“Our grants do more than just fund unmet needs in the community. We love to support innovation and collaboration from the agencies who are on the ground making sure those needs are met,” said Board Treasurer Beth Spurry, who is the grants committee co-chairman, along with Emily Sparks and Susan Wilford.
“More than ever, we are thrilled to see our grantees thinking of new and more effective ways to improve the lives of women and girls on the Mid-Shore,” Spurry said.
The 2018 awards bring the fund’s overall grant total to $553,018, with 212 grants given to 84 organizations whose programs benefit women and girls in one or more of the five Mid-Shore counties of Talbot, Caroline, Dorchester, Kent and Queen Anne’s.
“The grants will have a far-reaching impact going to programs focused on a variety of ages and needs, including support for women in addiction recovery, grief counseling for children and families, summer camp experiences and after school and summer enrichment programs,” van den Berg said.
“We are thrilled to showcase those organizations and community leaders that truly make a difference in our community,” Oxnam said.
The following organizations and programs received grants from the fund:
• Compass Regional Hospice Hope and Healing Center, $5,000
• Destined to Rise Coalition “Stepping Up Our Game” Summit for Mid-Shore girls, $5,500
• Echo Hill Outdoor School, Summer Leadership Program, $3,600
• For All Seasons, CARESS professional workshop, $3,000
• Horizons of Kent and Queen Anne’s, part-time school psychologist, $1,200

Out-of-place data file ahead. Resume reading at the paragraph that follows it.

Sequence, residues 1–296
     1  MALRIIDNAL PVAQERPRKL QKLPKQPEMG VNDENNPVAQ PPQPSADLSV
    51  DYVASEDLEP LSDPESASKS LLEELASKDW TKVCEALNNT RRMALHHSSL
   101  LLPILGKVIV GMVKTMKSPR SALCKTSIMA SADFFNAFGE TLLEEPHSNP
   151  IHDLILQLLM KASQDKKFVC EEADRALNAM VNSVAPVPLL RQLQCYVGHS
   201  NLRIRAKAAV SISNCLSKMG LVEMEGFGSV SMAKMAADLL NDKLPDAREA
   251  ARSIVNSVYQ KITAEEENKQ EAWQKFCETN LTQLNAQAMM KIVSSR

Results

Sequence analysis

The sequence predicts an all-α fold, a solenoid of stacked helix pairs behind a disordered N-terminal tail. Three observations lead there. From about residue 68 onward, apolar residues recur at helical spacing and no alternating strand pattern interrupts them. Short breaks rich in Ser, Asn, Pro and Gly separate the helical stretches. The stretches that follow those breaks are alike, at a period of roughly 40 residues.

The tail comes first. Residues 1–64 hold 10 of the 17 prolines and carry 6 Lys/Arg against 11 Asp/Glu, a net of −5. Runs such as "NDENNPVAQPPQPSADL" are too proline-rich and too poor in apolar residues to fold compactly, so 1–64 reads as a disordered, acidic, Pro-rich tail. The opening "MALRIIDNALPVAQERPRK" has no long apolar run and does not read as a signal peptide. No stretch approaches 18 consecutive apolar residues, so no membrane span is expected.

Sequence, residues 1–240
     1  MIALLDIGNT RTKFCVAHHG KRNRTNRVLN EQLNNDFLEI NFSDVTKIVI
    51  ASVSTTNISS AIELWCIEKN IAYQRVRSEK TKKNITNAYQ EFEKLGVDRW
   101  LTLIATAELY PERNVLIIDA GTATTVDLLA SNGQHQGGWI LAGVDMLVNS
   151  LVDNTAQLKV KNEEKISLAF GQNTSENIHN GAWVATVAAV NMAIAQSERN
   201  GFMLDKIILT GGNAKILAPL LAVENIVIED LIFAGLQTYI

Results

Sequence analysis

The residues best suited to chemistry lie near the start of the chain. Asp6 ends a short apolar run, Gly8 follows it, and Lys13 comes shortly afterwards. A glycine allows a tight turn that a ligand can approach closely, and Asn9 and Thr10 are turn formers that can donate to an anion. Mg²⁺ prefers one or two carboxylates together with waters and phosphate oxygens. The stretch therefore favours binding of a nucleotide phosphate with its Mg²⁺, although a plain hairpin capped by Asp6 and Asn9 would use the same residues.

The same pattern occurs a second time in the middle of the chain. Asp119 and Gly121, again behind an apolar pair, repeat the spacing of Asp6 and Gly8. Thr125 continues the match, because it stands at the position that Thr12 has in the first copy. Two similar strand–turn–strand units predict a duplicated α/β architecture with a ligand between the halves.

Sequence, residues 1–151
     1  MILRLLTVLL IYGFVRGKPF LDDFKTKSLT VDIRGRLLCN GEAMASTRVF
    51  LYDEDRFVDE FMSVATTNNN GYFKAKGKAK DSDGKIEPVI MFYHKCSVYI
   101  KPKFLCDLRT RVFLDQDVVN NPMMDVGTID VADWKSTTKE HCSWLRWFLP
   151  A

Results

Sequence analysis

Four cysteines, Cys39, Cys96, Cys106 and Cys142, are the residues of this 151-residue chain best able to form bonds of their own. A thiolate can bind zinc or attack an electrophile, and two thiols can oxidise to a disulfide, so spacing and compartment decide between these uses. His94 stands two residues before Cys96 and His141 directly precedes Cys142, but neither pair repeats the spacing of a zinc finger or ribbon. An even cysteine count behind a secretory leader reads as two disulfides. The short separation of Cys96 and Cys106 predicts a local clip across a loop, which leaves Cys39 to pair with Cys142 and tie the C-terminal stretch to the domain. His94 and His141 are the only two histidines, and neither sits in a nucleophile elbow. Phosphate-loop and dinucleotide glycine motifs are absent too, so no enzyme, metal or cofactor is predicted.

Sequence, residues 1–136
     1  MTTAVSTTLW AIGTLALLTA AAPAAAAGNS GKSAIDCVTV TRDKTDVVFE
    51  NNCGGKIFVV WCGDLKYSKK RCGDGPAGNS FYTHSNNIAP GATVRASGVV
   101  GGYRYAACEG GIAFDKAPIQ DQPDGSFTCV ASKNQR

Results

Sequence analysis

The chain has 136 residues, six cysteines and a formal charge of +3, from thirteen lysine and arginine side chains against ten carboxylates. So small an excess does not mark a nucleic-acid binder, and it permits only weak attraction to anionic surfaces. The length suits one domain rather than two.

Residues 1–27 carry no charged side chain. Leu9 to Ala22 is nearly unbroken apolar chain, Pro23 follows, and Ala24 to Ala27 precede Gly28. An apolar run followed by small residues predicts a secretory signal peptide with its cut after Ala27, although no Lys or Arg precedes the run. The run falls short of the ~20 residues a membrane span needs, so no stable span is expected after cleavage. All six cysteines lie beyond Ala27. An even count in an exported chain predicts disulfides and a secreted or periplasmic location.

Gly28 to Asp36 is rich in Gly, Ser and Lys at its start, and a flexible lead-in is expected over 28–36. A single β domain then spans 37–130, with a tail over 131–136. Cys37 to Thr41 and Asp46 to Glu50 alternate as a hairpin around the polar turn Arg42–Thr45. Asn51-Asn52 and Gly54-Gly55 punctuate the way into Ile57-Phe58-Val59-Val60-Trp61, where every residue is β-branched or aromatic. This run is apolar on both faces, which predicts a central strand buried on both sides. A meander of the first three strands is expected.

• Kent County Department of Social Services Child Advocacy Center, National Children’s Alliance Leadership Conference, $2,800
• Mid-Shore Council on Family Violence, Education & Empowerment Support Groups, $2,000
• Mid-Shore Restoring HOPE in Women, Fed-Up Rally in Caroline County, $2,000
• Pickering Creek Audubon Center, “Camp Like a Girl” program, $3,000
• Rising Above Disease, Capt. Joe Kettinger Scholarship Fund, $3,000
• St. Martin’s Ministries, Equine Therapy Program, $4,870
• Talbot Mentors, “Send Our Girls to Summer Camp,” $2,500
• Tilghman Area Youth Association TASK afterschool program staff, $4,376
Also awarded were grants from the Daisy Fund, which provides “a way to guide a new generation into a life-long practice of caring for their community,” according to the Women & Girls Fund website.
“We strongly believe in educating our youth and the next generation about philanthropy,” Oxnam said. “The Daisy Fund is doing just that.”
With a pledge of $10,000 or more, a named fund can be established to honor a child. So far, 13 daisy funds have been opened with funds named for children aged 6 months up to 29 years old. This year, the “Daisies” were able to direct $3,150 to four grantees: Compass Regional Hospice, Destined to Rise Coalition, Imagination Library of Talbot County and Pickering Creek Audubon Center.
The Women & Girls Fund is an endowed fund that channels the pooled resources of individuals into a powerful and permanent legacy serving the needs of women and girls in Caroline, Dorchester, Kent, Queen Anne’s and Talbot Counties, Maryland.